They come from far and wide – letters, emails and phone calls, from readers reacting to articles and pictures featured in the page or online.
Recently I received two such communications, one from a reader in London and the other in Australia.
The first came from Fiona Bradshaw, who saw the article on Derby Street Baths which closed in 1993.
The baths, it turned out, still has a special place in Fiona’s heart, as she explains.
“It was lovely. I learned to swim there, in fact I had swimming lessons four times a week there and ultimately ended up representing my county.”
In fact, Fiona, who is 42, represented Tyne and Wear in the breaststroke and crawl in individual and medley races at swimming meetings throughout this country and abroad.
“I was about 15 at the time,” she explains. “I swam for the county in quite a few different places, including London and Sheffield, and even Germany.
“Swimming was such an important part of my childhood in South Shields. My mother, Joan Gribben, (who lived her whole life in the same street in Shields) recently died of cancer, aged 69, so I have started to think a lot more about what it was about South Shields that gave me such an amazing start in life – and I keep coming back to Derby Street Baths.”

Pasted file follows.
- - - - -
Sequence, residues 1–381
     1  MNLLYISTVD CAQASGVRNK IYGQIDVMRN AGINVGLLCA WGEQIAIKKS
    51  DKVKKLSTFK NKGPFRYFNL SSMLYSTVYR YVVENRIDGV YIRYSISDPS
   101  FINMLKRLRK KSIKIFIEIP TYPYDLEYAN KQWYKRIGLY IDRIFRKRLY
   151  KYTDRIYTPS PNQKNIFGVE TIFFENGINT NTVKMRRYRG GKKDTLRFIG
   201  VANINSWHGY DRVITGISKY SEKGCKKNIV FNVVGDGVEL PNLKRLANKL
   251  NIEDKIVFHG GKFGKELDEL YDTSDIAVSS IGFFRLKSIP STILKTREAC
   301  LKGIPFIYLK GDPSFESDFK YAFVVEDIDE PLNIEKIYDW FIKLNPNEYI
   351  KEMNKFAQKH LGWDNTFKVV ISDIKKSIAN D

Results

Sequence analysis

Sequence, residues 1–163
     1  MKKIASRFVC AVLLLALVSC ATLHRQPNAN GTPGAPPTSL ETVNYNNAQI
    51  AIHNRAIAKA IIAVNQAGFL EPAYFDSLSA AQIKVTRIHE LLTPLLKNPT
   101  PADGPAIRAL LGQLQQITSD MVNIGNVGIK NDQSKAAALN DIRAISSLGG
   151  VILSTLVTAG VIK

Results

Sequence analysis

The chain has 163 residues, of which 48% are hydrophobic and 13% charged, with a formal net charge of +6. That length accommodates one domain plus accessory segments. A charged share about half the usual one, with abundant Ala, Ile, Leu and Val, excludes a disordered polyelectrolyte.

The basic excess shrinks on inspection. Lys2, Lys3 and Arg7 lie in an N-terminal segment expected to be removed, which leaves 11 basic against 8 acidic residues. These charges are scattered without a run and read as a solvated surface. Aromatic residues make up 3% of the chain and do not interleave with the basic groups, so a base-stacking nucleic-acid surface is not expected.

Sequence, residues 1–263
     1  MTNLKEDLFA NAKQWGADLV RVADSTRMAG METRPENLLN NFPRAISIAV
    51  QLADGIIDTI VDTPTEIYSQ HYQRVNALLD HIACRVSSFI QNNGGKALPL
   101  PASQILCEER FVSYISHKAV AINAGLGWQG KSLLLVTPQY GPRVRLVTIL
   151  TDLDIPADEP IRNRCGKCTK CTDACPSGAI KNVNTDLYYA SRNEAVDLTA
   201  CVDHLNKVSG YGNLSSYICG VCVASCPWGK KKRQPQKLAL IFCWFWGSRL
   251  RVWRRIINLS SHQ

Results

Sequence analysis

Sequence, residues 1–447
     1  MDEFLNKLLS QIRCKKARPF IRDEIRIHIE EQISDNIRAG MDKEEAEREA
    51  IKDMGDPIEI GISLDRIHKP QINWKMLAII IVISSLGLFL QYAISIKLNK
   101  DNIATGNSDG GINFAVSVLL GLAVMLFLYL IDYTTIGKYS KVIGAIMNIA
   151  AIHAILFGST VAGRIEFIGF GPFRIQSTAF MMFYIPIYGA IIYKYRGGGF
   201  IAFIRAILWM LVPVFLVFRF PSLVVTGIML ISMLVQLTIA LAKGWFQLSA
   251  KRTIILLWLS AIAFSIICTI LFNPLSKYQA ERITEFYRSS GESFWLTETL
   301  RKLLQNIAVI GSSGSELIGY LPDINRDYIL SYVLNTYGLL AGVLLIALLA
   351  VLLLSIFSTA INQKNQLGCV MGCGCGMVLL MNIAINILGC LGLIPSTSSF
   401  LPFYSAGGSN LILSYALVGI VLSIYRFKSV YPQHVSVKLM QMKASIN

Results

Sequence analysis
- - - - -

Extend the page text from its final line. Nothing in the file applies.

During her teenage years, Fiona swam for three or four different clubs.
“I live in London now, work in the city, and have done for 20 years, but Derby Street is still ever present in my thoughts. It was a really great baths, and I couldn’t believe it when I found out it had been knocked down. Anyway, thanks for the article I really enjoyed reading it.”
Also “feeling very nostalgic” was Gordon Lambert, when he read John Wilkinson’s account of the Queen’s Coronation in 1953.
“My family lived at 4 Bywell Avenue and the street party that day remains very clearly in my memory,” says Gordon, who lives in Kiama Downs, New South Wales.
“The pictures include my late brother Brian, who was seven-years-old at the time, Alwyne (two) dressed as Princess Anne and me, aged nine, dressed as a Bevin Boy in full miners regalia. Alwyne won the fancy dress prize only to surprise the judges (who thought he was a girl) when he lifted his dress to relieve himself by the wooden fence. Keep up the nostalgia it brings back many fond memories of a great town and community.”